In some embodiments, the processor may be configured to: an indication of a first point on the CDF corresponding to a desired percentage of black pixels is received, and an indication of a second point on the CDF corresponding to a desired percentage of pixels having pixel values at or below mid-gray is received. A low clipping value and a high clipping value for the first dynamic range that maps to the second dynamic range may be derived from the two points. For example, a low clipping value, and thus a minimum value, of the second dynamic range may be based on the first point (e.g., equal to a desired percentage of black pixels), and a high clipping value, and thus a maximum value, of the second dynamic range may be derived from the second point (e.g., if a mid-gray percentage is specified, a high clipping value may be defined by doubling the pixel value corresponding to the mid-gray percentage).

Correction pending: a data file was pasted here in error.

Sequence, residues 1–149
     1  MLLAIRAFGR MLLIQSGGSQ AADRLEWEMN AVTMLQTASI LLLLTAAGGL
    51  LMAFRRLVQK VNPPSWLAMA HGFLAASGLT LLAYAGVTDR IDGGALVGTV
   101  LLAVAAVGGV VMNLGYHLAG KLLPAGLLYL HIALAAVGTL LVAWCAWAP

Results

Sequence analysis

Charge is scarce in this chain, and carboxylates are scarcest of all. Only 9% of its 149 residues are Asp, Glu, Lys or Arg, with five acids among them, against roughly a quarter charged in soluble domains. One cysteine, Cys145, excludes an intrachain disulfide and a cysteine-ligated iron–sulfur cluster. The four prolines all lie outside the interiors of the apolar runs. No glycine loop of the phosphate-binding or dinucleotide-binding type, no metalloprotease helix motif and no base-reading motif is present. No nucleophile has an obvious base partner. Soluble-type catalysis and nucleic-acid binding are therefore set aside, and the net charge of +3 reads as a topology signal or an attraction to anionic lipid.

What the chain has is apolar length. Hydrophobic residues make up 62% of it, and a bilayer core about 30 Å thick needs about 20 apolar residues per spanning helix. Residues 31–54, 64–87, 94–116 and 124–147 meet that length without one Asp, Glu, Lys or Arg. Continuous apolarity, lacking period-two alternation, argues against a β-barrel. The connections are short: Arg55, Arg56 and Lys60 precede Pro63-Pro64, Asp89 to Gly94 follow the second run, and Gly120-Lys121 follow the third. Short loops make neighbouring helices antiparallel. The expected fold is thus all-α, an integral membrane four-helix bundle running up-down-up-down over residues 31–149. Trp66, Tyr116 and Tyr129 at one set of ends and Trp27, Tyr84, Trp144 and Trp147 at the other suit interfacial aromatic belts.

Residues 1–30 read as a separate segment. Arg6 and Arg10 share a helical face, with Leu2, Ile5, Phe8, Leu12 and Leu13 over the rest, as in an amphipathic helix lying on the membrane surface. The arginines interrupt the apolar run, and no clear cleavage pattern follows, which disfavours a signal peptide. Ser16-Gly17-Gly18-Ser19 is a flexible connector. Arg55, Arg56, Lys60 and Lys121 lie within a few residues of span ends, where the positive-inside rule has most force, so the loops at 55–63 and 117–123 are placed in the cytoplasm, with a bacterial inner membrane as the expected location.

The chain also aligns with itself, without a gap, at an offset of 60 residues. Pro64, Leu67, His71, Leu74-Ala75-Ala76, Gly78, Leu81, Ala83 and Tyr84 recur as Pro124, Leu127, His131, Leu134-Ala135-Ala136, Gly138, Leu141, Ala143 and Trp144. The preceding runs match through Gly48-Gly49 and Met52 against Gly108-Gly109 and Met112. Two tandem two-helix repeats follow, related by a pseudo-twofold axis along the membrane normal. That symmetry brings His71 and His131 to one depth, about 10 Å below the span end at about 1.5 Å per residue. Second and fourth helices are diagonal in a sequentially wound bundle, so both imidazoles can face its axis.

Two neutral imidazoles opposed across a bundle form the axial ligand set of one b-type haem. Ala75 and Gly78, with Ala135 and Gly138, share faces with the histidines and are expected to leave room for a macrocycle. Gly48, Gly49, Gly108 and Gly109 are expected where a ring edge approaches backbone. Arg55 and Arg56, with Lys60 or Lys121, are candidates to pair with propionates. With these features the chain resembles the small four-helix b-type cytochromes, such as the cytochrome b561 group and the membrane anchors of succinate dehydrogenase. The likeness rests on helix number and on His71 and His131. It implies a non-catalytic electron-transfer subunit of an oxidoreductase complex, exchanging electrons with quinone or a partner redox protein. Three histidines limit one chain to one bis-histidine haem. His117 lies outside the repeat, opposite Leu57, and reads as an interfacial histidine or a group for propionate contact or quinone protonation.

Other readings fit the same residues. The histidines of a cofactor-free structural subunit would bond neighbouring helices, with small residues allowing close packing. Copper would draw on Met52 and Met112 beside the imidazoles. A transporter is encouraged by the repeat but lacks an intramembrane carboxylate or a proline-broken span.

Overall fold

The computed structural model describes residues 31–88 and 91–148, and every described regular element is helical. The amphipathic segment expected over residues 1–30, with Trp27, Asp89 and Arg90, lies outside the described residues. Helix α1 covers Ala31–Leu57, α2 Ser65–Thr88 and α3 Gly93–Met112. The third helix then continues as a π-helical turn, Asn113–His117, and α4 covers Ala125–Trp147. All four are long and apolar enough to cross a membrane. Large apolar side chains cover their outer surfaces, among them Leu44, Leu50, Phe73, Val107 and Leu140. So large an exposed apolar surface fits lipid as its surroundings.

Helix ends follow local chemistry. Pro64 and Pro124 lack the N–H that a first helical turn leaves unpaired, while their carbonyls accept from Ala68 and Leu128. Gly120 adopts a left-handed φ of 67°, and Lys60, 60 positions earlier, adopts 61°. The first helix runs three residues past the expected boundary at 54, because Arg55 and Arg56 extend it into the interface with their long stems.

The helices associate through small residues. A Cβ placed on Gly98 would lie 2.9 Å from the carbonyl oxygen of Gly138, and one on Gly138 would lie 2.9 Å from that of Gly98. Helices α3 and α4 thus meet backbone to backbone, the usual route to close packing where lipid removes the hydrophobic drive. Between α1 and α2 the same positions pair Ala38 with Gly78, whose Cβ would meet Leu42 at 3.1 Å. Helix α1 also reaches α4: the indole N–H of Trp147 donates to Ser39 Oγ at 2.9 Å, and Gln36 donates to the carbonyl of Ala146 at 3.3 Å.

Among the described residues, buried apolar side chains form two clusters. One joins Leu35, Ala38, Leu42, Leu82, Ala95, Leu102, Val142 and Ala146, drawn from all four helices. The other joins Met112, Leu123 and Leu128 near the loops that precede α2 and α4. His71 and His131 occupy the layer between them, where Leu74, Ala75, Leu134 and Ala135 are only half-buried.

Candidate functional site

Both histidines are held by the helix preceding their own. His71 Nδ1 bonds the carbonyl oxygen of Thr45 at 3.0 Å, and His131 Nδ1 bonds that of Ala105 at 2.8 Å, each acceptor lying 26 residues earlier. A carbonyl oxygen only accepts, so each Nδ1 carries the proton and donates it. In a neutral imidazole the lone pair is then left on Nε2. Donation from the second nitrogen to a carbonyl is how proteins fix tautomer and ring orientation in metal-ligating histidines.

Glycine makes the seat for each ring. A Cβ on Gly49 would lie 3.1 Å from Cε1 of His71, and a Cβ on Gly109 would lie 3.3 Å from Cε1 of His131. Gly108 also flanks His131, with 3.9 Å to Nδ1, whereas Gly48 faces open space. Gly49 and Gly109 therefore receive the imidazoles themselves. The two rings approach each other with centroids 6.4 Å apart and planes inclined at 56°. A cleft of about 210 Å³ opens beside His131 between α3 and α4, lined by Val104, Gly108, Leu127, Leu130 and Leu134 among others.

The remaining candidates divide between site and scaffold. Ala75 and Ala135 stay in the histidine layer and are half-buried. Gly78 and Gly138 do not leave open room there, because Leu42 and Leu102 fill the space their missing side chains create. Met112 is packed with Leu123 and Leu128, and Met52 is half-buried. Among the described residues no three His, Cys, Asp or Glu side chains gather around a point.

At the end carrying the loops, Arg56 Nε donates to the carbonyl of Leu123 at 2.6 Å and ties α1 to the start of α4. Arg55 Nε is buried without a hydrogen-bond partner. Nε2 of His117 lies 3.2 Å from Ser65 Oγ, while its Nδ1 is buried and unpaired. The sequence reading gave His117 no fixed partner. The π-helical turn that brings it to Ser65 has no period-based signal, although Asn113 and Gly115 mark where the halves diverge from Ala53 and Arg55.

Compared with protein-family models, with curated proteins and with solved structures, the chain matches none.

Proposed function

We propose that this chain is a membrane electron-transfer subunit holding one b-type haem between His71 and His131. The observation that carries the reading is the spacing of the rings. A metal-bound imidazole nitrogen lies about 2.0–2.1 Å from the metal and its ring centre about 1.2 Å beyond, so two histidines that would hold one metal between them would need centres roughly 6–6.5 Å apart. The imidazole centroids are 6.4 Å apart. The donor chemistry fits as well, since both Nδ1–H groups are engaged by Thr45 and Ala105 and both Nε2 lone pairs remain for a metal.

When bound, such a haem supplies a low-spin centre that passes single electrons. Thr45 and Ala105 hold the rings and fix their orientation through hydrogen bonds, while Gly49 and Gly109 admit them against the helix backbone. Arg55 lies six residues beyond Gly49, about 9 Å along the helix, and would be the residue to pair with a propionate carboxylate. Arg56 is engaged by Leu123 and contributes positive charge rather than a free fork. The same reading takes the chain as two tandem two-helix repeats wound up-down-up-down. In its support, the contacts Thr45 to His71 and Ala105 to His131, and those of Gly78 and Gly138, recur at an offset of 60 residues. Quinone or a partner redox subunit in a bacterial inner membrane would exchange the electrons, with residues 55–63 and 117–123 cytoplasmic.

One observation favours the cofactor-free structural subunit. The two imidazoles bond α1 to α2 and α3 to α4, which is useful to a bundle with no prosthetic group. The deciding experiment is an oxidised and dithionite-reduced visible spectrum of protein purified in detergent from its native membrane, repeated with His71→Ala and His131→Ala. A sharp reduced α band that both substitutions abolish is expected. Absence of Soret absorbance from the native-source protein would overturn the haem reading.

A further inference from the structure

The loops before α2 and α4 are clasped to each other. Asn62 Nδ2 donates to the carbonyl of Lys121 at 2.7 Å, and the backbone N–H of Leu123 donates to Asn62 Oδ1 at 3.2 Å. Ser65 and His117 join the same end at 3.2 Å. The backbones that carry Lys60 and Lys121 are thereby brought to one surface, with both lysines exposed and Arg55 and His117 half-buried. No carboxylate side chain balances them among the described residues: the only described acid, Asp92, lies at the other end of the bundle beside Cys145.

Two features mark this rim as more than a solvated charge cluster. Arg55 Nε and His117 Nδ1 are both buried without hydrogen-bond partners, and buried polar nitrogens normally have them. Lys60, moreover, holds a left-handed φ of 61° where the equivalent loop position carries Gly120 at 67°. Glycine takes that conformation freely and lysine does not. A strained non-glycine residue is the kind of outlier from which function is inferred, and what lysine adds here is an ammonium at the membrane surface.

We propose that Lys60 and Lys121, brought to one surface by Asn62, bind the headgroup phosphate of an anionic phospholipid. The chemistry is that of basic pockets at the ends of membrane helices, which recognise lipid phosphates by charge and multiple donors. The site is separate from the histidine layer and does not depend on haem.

In some embodiments, the ultrasound system may include non-volatile memory that stores one or more of the inputs to the histogram-CDF process. For example, the memory may store the desired percentage of black pixels and the desired percentage of pixels having pixel values at or below mid-gray, or any other desired percentage of pixels of certain pixel values.
In some embodiments, the processor may be configured to automatically define a second or reduced dynamic range for each of a plurality of temporally successive (in some cases, temporally successive) ultrasound images based on the same values for the at least two points (e.g., based on the same values for the desired percentage of black pixels and the desired percentage of pixels having pixel values at or below mid-gray) stored in the memory). Thus, while the desired pixel percentile may not change between different images (e.g., in a given imaging application or for a given view), the display may be dynamically or adaptively adjusted based on the particular distribution of pixel values in each image.